Status of the bio-based industries in Norway

Status of the bio-based industries in Norway

September 6, 2016
Head of Communication

Nordland County is number one in Norway in fisheries and aquaculture. A new report provides a good overview of the biological resources and production in the forestry, agriculture, fisheries and aquaculture sectors in Norway.

The report shows that there are major regional variations in resources and production between the various sectors. Northern Norway, spearheaded by Nordland County, is a major producer of biomass from fisheries and aquaculture.

The marine industries in the southeast of Norway are insignificant, but the production of biomass from forests in this region is significant. Agriculture covers the entire country, but counties such as Hedmark, Oppland, Rogaland and Trøndelag stand out with the highest biomass production.

Decisive for the Norwegian economy in the future

Renewable biological resources will have a decisive impact on the Norwegian economy in the future. The new research report by Norut, the Norwegian Centre for Rural Research and the Norwegian Institute of Bioeconomy Research (NIBIO) outlines the status of the bio-based industries in Norway. Bio-based industries, which are also known as primary industries, supply biological raw materials for consumption and processing.

The research efforts are part of the Biosmart project, which has the objective of developing smart solutions for a sustainable economy based on renewable resources.

Forestry and agriculture

The report demonstrates a potential to increase the extraction of forest because the annual increment in productive forests (around 25 million m3 for many years) is significantly higher than the annual logging (7-10 million m3).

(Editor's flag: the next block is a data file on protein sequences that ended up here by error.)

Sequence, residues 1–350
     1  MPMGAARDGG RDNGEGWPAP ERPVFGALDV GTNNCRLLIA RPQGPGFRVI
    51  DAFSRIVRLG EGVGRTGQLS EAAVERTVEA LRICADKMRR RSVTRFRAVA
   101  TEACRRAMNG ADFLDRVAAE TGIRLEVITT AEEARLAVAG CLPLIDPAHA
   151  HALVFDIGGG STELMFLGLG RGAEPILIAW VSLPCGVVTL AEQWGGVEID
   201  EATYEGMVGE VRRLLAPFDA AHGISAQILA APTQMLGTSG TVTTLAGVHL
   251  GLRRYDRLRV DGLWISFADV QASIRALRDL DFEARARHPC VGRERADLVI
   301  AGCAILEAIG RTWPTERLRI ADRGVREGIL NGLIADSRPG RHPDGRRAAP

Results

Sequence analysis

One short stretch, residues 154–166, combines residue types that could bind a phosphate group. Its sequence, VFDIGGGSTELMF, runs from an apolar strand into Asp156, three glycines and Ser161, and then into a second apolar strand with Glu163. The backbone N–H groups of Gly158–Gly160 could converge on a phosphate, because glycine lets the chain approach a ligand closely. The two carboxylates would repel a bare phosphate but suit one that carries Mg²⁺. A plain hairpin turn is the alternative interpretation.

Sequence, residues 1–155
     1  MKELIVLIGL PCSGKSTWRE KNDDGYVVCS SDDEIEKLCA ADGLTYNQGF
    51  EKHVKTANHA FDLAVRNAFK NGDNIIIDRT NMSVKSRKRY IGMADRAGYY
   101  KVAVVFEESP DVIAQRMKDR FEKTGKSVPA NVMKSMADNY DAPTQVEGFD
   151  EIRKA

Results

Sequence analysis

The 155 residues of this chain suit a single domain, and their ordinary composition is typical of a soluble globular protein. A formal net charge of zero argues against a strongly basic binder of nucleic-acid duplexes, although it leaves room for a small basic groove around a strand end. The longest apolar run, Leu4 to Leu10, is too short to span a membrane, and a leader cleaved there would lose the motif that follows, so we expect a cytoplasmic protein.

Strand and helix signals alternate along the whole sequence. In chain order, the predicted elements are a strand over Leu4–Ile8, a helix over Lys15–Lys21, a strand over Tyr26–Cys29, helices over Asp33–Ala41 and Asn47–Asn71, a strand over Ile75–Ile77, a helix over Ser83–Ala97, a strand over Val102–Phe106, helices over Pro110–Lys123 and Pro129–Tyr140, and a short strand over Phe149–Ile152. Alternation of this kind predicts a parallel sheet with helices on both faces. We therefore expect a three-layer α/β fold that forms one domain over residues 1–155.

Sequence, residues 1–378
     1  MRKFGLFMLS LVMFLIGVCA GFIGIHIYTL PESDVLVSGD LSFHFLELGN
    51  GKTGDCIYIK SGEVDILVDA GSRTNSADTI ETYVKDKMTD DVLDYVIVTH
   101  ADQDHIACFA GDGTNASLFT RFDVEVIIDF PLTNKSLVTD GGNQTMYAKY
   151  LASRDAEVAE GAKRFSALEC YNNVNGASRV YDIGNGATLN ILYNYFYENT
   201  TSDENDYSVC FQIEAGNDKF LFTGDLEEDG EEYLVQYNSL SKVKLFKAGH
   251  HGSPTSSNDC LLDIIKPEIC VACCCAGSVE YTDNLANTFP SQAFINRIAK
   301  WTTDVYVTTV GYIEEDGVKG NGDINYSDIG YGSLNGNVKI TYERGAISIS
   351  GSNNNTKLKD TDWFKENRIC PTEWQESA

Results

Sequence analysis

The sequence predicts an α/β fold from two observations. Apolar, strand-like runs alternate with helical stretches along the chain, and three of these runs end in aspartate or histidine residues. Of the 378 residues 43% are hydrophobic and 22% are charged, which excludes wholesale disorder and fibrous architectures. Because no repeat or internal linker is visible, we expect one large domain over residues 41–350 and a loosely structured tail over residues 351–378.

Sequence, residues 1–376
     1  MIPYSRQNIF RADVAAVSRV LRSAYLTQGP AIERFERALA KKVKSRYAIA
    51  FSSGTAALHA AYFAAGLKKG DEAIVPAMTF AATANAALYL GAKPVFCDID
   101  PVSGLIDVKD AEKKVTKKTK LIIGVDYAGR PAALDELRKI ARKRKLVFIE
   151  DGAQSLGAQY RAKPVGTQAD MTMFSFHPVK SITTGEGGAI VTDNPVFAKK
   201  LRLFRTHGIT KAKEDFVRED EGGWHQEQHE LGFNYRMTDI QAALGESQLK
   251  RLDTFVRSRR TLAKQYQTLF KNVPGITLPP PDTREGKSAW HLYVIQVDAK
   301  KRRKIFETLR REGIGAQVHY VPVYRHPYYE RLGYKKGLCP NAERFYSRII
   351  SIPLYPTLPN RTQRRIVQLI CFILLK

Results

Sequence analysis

The share of agricultural land in Norway (3 %) is very small compared with most other countries, However, a high proportion of this is arable land. The use of agricultural land has declined slightly over the past decade, but the production of food has remained stable due to the import of feed ingredients.

There is potential to increase production by improving agricultural practices, such as crop rotation and using outfield grazing areas for livestock.

Fisheries and aquaculture

While the fisheries industry is characterized by major fluctuations in fish stocks, the total harvest of wild seafood has been around 2.5 million tonnes annually since the mid-1990s. The catch of traditionally harvested fish species is in practice fully exploited. However, an increase in production volume may be achieved by exploiting other species, such as plankton and seaweed.

The aquaculture sector has experienced strong growth ever since its start-up in the 1970s. The annual production was at 1.3 million tonnes in 2014, and the aquaculture sector has an ambition to increase this production five-fold. The import of feed is an important basis for growth for this sector as well.

The realization of increased production is reliant on many factors, including securing sufficient feed, controlling diseases and handling the negative impacts on the environment.


Biosmart was headed by the Norwegian Centre for Rural Research, while Norut is one of the participants in the international research group.

The authors of the report are Jannike Falk-Andersson from Norut, Magnar Forbord from the Norwegian Centre for Rural Research and Birger Vennesland from the Norwegian Institute of Bioeconomy Research (NIBIO).  

Click on this link to read the full report: Mapping the bioeconomy: Biological resources and production in forestry, agriculture, fisheries and aquaculture in Norway.

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